Science Supports Neti PotsI am continually telling my friends, family and patients about the wonders of using a NETI POT (probably ad nauseam). While I have managed to convince many, my determination to win over the world continues. In case you aren't familiar, a neti pot is a tool used in Ayurvedic medicine to clean the nose and sinuses. It looks like a little tea pot and is filled with warm saline solution (see picture below). A person uses a neti pot by tilting their head sideways over a sink and then placing the spout to their upper nostril and allowing it to flow through their nose and sinus cavity and come out the lower nostril. The process is then repeated with the head tilted the other way (see video link below).
I know I know, it sounds gross (maybe even beyond gross), but as a person who plugs her nose before jumping into a pool and who can somehow manage to get water up her nose in the shower I can say... although it took me a year or two to give in and try it I can't live without my Neti and my allergies and sinus infections are SO much better now that use one regularly. (and I used to have LOTS of allergies and multiple sinus infections a year, so that's saying something!) It really doesn't feel uncomfortable... you won't believe me until you try it, but if you get the temp and salinity right it actually feels good... I promise!
Here is a little blog attempt to scientifically back up my argument...
Several scientific studies have found benefit in nasal rinsing aka using a neti pot. Here are just a few:
One study published in the Ear, Nose, & Throat Journal in 1999 showed that nasal rinsing does a better job of reaching the sinuses than standard nebulizers.
Numerous studies conducted over the past 20 years have shown that nasal rinsing improves hay fever symptoms and chronic sinusitis.
A 2001 study performed at the University of Wisconsin School of Medicine determined that daily nasal irrigation using a bulb syringe or neti pot resulted in improvement in the symptoms of chronic sinusitis in more than 70 percent of subjects. Medication usage was decreased in approximately one-third of subjects.
Photo courtesy of Nathan Bryant,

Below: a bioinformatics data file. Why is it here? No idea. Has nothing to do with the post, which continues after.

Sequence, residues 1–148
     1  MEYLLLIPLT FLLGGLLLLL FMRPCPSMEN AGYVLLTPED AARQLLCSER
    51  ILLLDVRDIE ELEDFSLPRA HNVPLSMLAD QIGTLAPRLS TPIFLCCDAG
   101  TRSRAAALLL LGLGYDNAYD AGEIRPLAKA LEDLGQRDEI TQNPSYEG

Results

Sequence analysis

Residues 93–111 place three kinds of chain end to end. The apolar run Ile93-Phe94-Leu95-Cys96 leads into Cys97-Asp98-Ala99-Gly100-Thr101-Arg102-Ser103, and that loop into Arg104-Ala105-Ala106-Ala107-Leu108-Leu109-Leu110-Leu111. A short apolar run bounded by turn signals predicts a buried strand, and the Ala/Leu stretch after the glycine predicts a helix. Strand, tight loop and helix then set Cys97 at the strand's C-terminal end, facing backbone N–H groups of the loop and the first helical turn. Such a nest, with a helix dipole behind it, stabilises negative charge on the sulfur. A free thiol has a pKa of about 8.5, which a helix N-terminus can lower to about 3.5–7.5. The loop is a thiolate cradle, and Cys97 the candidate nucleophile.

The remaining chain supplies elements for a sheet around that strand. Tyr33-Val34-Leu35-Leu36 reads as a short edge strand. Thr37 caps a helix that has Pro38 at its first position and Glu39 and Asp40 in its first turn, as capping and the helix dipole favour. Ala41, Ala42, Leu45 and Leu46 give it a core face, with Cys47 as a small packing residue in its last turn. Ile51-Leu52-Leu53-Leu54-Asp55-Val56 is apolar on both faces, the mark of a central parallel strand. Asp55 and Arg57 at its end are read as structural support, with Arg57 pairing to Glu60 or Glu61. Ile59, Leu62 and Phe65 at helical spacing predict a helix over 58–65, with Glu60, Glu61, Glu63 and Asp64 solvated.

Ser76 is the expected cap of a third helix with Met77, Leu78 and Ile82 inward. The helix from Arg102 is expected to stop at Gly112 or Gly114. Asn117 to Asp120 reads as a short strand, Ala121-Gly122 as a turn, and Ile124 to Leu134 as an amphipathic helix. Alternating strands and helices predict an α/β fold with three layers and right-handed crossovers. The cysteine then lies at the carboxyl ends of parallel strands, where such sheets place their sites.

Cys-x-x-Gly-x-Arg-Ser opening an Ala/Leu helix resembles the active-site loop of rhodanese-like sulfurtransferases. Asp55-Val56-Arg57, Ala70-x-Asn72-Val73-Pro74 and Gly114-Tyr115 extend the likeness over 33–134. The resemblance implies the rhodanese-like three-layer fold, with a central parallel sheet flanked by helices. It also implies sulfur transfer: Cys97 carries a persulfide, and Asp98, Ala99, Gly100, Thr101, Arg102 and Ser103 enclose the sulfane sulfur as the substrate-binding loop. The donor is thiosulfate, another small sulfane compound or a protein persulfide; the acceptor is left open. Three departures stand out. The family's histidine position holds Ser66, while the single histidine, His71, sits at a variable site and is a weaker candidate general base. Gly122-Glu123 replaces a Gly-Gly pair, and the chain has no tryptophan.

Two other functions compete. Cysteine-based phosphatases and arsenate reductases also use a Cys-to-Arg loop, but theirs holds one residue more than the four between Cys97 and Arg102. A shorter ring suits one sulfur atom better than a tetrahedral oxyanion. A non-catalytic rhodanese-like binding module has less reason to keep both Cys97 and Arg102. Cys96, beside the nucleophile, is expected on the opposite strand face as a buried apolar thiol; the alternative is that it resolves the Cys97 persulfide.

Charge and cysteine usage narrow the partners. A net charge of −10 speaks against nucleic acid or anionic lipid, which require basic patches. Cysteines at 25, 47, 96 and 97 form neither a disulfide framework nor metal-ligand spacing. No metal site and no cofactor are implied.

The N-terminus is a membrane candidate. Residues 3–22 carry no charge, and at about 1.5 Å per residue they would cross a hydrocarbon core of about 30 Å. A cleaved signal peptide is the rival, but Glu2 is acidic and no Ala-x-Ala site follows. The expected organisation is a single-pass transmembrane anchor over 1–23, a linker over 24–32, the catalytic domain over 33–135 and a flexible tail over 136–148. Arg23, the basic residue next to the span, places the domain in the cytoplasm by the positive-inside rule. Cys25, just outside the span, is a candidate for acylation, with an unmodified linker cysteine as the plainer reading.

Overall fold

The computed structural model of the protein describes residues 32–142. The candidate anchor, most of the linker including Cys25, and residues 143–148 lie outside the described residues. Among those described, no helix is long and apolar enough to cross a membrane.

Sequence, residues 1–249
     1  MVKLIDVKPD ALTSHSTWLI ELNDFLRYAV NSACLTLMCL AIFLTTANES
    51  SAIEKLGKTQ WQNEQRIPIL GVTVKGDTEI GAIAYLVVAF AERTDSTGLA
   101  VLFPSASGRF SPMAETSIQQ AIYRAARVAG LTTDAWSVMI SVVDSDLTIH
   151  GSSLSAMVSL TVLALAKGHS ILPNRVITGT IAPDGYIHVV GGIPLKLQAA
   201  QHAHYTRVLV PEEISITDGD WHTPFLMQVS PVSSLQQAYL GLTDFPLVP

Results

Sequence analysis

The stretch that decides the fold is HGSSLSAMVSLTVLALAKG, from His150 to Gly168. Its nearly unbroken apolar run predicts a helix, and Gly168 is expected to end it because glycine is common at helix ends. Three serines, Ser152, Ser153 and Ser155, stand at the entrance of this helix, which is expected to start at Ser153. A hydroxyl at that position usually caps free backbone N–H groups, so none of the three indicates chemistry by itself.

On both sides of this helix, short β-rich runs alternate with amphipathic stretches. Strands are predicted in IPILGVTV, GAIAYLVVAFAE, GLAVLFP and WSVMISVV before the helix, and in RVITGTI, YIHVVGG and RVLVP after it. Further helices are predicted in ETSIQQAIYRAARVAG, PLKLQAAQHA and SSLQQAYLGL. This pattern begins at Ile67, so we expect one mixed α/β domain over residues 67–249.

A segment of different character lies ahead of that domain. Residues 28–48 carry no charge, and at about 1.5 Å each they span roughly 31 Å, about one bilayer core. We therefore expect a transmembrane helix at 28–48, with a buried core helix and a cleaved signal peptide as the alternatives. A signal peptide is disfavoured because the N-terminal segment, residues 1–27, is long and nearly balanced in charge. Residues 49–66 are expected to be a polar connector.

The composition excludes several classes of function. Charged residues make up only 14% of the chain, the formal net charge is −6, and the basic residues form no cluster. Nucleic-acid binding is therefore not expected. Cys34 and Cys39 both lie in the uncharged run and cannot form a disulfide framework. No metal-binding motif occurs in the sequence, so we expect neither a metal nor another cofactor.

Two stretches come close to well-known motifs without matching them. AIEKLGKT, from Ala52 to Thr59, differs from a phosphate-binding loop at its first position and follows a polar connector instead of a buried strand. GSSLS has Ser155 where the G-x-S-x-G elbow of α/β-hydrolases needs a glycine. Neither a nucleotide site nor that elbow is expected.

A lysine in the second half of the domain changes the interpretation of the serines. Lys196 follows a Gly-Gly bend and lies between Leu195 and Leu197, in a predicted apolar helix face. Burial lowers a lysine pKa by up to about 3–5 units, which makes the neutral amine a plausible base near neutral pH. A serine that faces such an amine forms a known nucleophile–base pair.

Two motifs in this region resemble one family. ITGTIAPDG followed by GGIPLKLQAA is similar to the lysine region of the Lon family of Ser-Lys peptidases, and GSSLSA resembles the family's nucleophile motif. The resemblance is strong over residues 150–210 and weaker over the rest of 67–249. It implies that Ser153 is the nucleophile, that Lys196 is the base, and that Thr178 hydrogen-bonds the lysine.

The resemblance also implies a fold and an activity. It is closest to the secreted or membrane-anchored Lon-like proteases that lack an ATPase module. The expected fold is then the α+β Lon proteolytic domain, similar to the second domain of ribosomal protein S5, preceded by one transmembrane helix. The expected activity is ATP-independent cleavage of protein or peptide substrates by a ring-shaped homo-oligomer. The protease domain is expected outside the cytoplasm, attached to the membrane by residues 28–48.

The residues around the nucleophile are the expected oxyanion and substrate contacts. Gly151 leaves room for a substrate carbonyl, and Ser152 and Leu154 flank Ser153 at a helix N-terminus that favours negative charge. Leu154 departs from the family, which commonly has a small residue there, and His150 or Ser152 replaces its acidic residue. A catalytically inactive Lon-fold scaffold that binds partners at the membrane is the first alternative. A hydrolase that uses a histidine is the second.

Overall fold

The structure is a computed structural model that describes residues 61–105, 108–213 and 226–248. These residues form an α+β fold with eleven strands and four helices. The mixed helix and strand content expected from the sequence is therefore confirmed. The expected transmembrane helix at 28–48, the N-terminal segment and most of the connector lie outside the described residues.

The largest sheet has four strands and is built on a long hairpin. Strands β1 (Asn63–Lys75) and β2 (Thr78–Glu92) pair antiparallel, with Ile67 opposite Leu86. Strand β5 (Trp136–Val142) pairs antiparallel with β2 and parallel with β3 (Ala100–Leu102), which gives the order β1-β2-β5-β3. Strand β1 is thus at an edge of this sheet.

A 2004 study published in The Laryngoscope compared nasal rinsing with metered nasal spray and nebulization, and it determined rinsing was significantly more effective in penetrating the maxillary sinus and frontal recess and should be the method of choice.
A 2004 study found that nasal irrigation could provide a reasonable and effective alternative to sinus surgery.
An Italian study of 20 children with hay fever found that nasal rinsing with a hypertonic saline (high salt) solution was tolerable, inexpensive and effective. The kids had fewer symptoms and required lower doses of antihistamines.
A 2003 review study, published in Canadian Family Physician, concluded that “Nasal irrigation is a simple, inexpensive treatment that relieves the symptoms of a variety of sinus and nasal conditions, reduces use of medical resources, and could help minimize antibiotic resistance.”
And a review paper from the Department of Otolaryngology — Head and Neck Surgery, University of Iowa Hospitals and Clinics, summed it up. “Nasal irrigations should no longer be considered merely adjunctive measures in managing sinonasal conditions.
Here's a blog entry I like that talks more about the neti pot
and a video showing you how to use a neti
And lastly.... a bit of humor forwarded on to me by a patient who knows my love of the neti. I had to laugh... not that I agree, but it is darned funny :)
Sorry that I don't have a name to give credit to for creating this. The link to it is: http://thisisindexed.com/wp-content/uploads/2009/08/card2210.jpg
Post a Comment